1. The software. There are more robust softwares. There are less robust softwares. For instance, for critical applications, dynamic memory allocation is discouraged, as it might lead to memory fragmentation. Unfortunately, Arduino heavily relies on dynamic memory allocation. This problem is exacerbated as most of the Arduino board have a very limited RAM.
  2. The libraries. Many Arduino libraries do have bugs (even those built-in in the Arduino package, as simple as WString!). In normal operation, such bugs may not appear at all. However, you can't hope that "everything will be fine" and that "the user" (or subsystem) will act as predicted. Libraries could also have their limits (i.e. not properly bugs). For instance, many users already cited the millis() function, which resets after 50 days. This, if not handled correctly, might lead to severe bugs.
  3. The reliability of the hardware (not even talking about cheap Arduino clones...). Here a new class of subquestions opens. I will cite only a very limited subset.
    • Are the Arduino Boards designed for reliability? (e.g. what's the
      reliability of the used capacitors? and other components?)
    • Robustness against EMI ? I wouldn't rely on that: most of Arduino boards have just two layers, and lack of a proper ground/power plane.
    • EEPROM (this is both software and hardware). Is your software using the EEPROM? Is implementing some algorithm to prevent cycling (repeated write/erase on the same cells)?
    • Flash memory retention time. Retention time decreases with temperature, and also with the number of programming cycles.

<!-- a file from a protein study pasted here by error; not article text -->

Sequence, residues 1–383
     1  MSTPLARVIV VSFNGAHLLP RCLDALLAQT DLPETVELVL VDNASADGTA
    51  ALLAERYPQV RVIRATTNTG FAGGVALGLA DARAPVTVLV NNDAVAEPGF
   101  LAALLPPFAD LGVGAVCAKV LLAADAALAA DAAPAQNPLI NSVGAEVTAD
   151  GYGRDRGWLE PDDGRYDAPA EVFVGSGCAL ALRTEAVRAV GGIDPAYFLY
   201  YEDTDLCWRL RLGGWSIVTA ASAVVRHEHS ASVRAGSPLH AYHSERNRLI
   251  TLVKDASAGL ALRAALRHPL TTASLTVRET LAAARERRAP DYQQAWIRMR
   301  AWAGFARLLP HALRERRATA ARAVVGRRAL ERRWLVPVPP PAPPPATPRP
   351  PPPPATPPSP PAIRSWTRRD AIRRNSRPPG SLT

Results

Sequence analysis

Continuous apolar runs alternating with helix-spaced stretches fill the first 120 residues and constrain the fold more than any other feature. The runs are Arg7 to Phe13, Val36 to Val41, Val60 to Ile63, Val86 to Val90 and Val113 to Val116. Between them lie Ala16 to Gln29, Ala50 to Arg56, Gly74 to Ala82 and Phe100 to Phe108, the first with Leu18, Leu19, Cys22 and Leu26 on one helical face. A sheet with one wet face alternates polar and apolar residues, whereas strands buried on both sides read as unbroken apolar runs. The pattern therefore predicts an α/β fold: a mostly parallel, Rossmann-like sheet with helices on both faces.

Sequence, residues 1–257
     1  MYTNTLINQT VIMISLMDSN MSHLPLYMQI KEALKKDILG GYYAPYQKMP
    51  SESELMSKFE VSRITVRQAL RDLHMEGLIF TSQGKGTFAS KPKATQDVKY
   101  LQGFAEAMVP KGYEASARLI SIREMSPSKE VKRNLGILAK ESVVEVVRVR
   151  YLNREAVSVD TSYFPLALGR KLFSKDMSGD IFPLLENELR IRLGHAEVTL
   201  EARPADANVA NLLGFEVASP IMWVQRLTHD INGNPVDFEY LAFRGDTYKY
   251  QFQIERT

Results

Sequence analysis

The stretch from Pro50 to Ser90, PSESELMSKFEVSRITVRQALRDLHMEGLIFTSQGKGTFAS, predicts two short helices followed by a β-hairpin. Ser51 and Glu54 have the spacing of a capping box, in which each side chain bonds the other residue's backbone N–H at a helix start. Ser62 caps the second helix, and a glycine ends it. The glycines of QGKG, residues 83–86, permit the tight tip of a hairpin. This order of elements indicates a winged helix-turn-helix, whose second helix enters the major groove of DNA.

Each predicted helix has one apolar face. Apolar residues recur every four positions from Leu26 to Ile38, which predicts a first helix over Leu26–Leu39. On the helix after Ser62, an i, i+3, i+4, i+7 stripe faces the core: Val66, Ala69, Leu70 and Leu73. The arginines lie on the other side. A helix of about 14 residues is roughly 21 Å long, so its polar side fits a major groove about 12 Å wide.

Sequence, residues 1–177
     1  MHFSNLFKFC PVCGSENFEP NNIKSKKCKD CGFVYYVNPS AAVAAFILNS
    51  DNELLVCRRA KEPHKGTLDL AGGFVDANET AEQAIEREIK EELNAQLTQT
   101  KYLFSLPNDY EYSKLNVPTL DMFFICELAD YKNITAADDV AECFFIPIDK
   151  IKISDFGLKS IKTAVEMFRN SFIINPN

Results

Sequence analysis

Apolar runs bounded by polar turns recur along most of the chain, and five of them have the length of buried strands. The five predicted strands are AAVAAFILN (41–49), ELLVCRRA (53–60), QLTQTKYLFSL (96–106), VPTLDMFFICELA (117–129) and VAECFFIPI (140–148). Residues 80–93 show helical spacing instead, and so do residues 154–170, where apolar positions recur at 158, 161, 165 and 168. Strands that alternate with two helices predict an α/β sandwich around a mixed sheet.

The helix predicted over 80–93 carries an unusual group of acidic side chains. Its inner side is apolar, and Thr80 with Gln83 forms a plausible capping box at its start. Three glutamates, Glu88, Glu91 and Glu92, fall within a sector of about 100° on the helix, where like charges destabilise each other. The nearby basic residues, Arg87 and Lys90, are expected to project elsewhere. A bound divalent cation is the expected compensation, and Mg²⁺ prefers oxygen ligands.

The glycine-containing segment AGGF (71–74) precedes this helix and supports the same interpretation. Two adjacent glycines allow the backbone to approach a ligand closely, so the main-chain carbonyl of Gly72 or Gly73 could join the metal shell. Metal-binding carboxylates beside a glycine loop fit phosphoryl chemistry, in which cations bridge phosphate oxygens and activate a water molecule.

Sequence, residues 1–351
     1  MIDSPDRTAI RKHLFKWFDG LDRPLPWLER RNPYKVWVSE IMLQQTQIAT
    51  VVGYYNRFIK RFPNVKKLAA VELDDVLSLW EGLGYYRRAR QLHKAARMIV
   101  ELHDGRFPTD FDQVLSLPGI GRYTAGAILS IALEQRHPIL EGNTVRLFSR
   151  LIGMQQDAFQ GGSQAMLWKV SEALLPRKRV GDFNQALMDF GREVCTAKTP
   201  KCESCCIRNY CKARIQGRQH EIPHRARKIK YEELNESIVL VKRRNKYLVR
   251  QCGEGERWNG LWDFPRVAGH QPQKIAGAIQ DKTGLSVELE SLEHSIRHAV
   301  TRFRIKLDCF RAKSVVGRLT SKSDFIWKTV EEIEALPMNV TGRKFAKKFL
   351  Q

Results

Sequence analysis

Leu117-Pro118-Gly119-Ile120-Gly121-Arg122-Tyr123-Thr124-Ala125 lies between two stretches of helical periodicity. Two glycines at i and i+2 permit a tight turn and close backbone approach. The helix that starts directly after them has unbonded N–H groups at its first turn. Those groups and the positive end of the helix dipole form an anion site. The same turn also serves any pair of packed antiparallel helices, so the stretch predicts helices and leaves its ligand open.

• Ionizing radiation. Yes, even if the probability is VERY low, at least at sea level, the probability of radiation-induced single-event upset is not zero, and it adequate countermeasures should be taken (especially taken into consideration that the RAM has no hardware error detection) in critical applications.
    • The quality of the power supply.
    • The operating environment. A 25-°C controlled environment, or in a black box over the roof (70°C under the sun in summer)? The higher the temperature, the faster all the degradation mechanisms.
    • ...

Still, you should not be surprised if your arduino will work flawlessy for many years. But this does not ensure that every arduino will.

Some countermeasures will increase the reliability:

  • Use the watchdog: it's better to reset a non responsive system, than having a stuck/misbehaving one.
  • Avoid using any library that uses memory allocation.
  • Implement (if you use the EEPROM) an algorithm to preserve it!
  • Good power supply.
  • Avoid harsh evironments (high temperature, high humidity, large and continuous thermal cycles, etc).

It certainly can run 24/7. I either use 5V to the 5V pin, or a 7808 to the Vin pin to offload the vreg. Ideally it would be 6.5V, but I don’t have such supplies. You may want a decoupler cap on 5V though, to soak any minor spikes when powering up your supply.

Any hardware attached which runs at 5V, I feed with a 7805. You can use LM317s or LM350s in lieu of 78XXs, but you’ll need a few resistors for those, perhaps trimpots.